Each year, Hermès sets a creative theme for its design studios, with the aim of sparking conversation and providing some unified direction among its myriad propositions, ranging from entry-level scarves to high-end handbags and custom yacht upholstery for the happy few. This year’s theme, the Odyssey, is about “confronting the world’s uncertainties without losing our identity,” chief executive Axel Dumas said in a July presentation.
It’s an apt metaphor for the French brand to adopt as it navigates the post-Covid fashion market: On the one hand, Hermès’ ultra-classic, stable positioning at the top of luxury’s pyramid has made it one the sector’s largest and most resilient players, with sales bouncing back quickly from coronavirus lows as consumers flocked to its range of timeless, status-conveying items. On the other hand, despite its aura of staid permanence, Hermès’ recent statements suggest a faster pace of change at the company, including adding new product categories and ramping up initiatives linked to sustainability, technology and omni-channel retail to meet the demands of the market.
Sales in the first nine months of this year rose 60 percent year-over-year, and by 43 percent compared to 2019′s pre-pandemic levels, Hermès said Thursday. With full-year sales expected by analysts to exceed €9 billion ($10.5 billion), the house is in striking distance of reclaiming its title as luxury’s third-biggest brand (behind Louis Vuitton and Chanel) from Gucci, which surpassed Hermès in 2017 but has rebounded more slowly from the pandemic.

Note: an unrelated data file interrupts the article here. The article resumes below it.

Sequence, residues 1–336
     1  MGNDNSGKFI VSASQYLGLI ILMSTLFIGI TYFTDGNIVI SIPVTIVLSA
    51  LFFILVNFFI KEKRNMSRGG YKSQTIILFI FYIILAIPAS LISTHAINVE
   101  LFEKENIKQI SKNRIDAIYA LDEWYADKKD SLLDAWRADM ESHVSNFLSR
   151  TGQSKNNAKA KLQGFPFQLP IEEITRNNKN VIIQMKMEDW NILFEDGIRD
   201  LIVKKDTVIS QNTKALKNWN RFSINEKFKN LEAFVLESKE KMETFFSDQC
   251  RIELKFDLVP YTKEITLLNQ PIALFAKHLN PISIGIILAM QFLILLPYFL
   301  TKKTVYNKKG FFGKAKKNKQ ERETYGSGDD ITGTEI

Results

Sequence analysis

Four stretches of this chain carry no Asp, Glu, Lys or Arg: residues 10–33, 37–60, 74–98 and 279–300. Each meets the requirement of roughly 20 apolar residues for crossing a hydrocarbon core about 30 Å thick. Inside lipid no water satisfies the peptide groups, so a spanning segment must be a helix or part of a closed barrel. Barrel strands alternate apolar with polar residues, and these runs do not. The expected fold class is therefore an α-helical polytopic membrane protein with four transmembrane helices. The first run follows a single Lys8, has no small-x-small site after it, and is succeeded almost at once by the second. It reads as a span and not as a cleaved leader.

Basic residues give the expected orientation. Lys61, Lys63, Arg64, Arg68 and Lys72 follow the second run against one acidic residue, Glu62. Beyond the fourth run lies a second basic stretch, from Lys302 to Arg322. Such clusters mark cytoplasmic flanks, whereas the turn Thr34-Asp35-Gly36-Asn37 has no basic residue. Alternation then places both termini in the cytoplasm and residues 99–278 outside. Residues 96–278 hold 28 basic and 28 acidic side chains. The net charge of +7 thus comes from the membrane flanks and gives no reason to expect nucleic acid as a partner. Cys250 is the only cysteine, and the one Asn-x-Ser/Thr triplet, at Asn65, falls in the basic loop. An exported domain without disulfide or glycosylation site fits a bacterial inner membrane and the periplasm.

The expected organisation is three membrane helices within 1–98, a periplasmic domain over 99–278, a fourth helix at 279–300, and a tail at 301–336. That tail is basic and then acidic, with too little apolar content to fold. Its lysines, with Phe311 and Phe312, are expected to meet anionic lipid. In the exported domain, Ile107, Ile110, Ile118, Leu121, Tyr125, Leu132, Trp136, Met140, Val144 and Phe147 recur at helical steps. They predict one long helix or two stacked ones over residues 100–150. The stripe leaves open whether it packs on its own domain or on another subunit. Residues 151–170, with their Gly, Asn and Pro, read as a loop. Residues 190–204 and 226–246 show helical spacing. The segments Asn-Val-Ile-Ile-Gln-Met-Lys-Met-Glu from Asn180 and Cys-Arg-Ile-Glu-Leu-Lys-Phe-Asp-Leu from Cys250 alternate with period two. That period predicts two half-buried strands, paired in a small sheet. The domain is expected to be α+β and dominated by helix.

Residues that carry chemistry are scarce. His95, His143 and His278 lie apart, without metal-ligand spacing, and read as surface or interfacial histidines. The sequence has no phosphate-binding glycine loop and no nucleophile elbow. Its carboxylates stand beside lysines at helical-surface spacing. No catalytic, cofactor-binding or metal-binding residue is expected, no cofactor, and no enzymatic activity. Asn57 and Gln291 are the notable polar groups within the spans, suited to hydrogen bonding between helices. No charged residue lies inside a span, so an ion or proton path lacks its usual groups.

The 2021 numbers look “as if the pandemic never happened, or even a bit better,” Bernstein analyst Luca Solca said. The brand “remains in a league of their own,” according to Citi analyst Thomas Chauvet.
That Hermès has come out ahead of the pack following the coronavirus crisis is no surprise: The brand has long been luxury’s most defensive player, insulated from market shocks by a deep well of client demand that exceeds supply for its prized Birkin and Kelly bags, despite the company ramping up production by opening new manufacturing sites each year. (The bags have an outsized financial impact for Hermès as fans of the brand are known to court salespeople by loading up on other items and tend to jump at any chance to finally acquire one of the bags — crisis or not.)
What’s perhaps more noteworthy is how much the brand is foregrounding new initiatives and innovations, challenging its reputation for playing it safe.
Tradition and experimentation
Hermès is moving forward with the rollout of its nascent beauty unit, which debuted last year with a line of lipsticks packaged in eye-catching striped enamel tubes. The new division has since added the brand’s first-ever makeup, a range of $77 blushes announced with an influencer marketing campaign that triggered unboxing videos galore. (The campaign was a rare move for Hermès, which has typically avoided the practice of gifting products to influencers.) The new division launched in July in China and is now rolling out a line of nail polishes and hand creams ahead of the holiday season.
The company’s Perfume and Beauty unit still makes up less than 5 percent of sales. But beyond its financial impact, the division is giving the brand new topics to drive the marketing conversation and a chance to play at a lower price point than ever before ($200 neckties and $450 scarves had previously been the group’s entry-level items par excellence).